Julie London’s Got A Lot To Like

 
 

Winnepeg Free Press

Saturday, February 26, 1972

TV Diary

The Hollywood Scene

By Charles Webrick


HOLLYWOOD --- Instead of launching into the old “You get a lot to like with a Marlboro” in that familiar husky sexy voice of hers, singer Julie London, mouthing straight lines as Nurse Dixie McCall, rushes off to auto accident victims and giving Doctor Kelly Brackett a soft eye on Jack Webb”s Emergency show this winter on Saturday nights for NBC.

In her starched white uniform, Webb’s former wife looks fine conducting the on and off romance with Robert Fuller’s Brackett between emergency calls, airing “little beefs so we can make up.”

Caption: Famous as a singer, Julie London plays a uniformly different role as Nurse Dixie McCall in Emergency, NBC’s Saturday night series.

Working days in a studio rather than nights in a club suits the lady, though the switch in hours almost destroyed Julie at first.

“I had just finished a Las Vegas club date this fall when Emergency went into production,” Julie said, “and I had to get up just about the time I’m used to going to bed. Those first three shooting days were killers.

Then we go out on location and almost freeze to death in a night sequence. And I’m supposed to crawl into this overturned car hanging on the side of a cliff. I’m scared of height, so I just wouldn’t look down. Luckily I didn’t. I had no idea how high up we were until I saw the show.”

The benefits, however, in playing straight lady outweigh the inconveniences. Julie may look like she belongs in hot spots, but she’s a homebody, and working days at the studio, running home at nights to be with her family is her kind of living, and it beats the club business hollow.

“Julie doesn’t like to perform,” said husband Bobby Troup, who plays neurosurgeon Dr. Joe Early on the series. “She gets lonely on out-of-town club dates; so I join her when possible, and that means leaving the kids (Kelly, the twins Jody and Reese). A job like this solves all the problems.”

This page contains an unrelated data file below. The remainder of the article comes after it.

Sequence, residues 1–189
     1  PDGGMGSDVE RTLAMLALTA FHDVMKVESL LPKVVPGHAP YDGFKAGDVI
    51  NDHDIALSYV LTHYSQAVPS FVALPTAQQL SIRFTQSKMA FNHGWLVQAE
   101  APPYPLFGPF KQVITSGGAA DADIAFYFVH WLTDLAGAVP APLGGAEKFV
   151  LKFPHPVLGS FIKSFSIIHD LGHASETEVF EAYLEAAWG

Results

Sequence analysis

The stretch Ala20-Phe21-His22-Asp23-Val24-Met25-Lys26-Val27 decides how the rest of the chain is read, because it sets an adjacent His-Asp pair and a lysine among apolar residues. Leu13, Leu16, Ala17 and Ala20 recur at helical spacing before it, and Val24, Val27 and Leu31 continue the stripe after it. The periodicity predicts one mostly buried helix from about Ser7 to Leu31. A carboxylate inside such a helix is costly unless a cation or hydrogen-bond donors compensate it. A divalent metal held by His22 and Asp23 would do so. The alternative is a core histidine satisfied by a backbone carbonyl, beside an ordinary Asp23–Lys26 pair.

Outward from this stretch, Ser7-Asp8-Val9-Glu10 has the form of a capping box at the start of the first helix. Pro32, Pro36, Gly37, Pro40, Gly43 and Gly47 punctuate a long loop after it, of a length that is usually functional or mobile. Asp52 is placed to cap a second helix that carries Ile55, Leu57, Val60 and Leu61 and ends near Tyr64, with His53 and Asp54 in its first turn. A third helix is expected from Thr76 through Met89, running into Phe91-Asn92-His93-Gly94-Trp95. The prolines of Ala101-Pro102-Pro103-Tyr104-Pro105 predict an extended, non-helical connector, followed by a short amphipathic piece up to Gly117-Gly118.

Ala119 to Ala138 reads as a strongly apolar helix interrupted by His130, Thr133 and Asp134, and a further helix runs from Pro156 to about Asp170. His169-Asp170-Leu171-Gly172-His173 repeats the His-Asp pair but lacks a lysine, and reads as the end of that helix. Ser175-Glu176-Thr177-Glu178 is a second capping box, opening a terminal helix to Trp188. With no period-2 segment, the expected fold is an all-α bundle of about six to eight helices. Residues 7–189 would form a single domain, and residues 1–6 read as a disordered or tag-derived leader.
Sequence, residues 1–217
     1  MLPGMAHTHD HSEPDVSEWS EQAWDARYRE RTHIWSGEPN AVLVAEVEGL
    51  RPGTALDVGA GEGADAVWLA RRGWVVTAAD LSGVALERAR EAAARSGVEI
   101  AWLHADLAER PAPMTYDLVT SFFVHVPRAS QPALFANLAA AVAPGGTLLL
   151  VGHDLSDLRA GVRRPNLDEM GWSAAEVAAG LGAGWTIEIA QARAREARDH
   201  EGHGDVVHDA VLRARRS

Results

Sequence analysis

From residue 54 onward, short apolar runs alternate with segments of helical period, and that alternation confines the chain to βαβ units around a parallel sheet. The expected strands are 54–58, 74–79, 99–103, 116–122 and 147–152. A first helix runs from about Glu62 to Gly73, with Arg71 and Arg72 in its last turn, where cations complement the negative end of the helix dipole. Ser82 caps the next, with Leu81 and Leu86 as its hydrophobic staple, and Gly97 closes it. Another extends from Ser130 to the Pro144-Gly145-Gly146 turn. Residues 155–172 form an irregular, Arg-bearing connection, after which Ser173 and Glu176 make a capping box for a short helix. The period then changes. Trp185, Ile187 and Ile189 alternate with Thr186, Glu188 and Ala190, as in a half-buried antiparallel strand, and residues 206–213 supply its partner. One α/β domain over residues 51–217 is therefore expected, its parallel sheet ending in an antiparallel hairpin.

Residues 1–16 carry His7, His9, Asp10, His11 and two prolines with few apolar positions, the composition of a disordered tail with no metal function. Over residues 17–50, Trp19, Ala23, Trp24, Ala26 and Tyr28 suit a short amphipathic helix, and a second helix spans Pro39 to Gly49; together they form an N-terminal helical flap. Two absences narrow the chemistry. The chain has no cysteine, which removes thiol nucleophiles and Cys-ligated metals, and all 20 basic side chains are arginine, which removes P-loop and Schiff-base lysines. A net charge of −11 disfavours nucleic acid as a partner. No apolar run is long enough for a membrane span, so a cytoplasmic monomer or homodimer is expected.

It’s a good thing the Troups dig kids, because, between them, Bobby and Julie have seven youngsters, the three just mentioned and two each by a previous marriage. Speaking of her brood, Julie said, “I can’t think of anyone I’d rather spend time with than our kids. We really have a ball.”

That’s hardly the line for the cigarette lady whose sexy voice and figure encompass a different age. The image is all wrong. Julie prefers the living room to her microphone. She prefers to talk about daughter Lisa Webb’s nursing career, or daughter Stacy Webb, a schoolteacher. Rather than toot her own horn on the singing career like most performers, Julie will say, “I do what I do and I really can’t do anything.”

She plays to “mostly a middle-group” audience, refuses to try rock songs, even at home, where Donnie Osmond is the hero among the kids. She says she likes the Blood, Sweat and Tears, The Beatles, and Simon and Garfunkle, realizing as she talks that “they’re old fashioned now.”

Miss London makes small adjustments in her act, such as singing Jimmy Webb’s Didn’t We?, lest she ignores the changing fashion. “All the clubs you go into features a better now,” she said. “Every act is a Barbara Streisand imitation. I still lean toward the Jack Jones and Tony Bennetts. I think Tony Bennett is the best in the world.”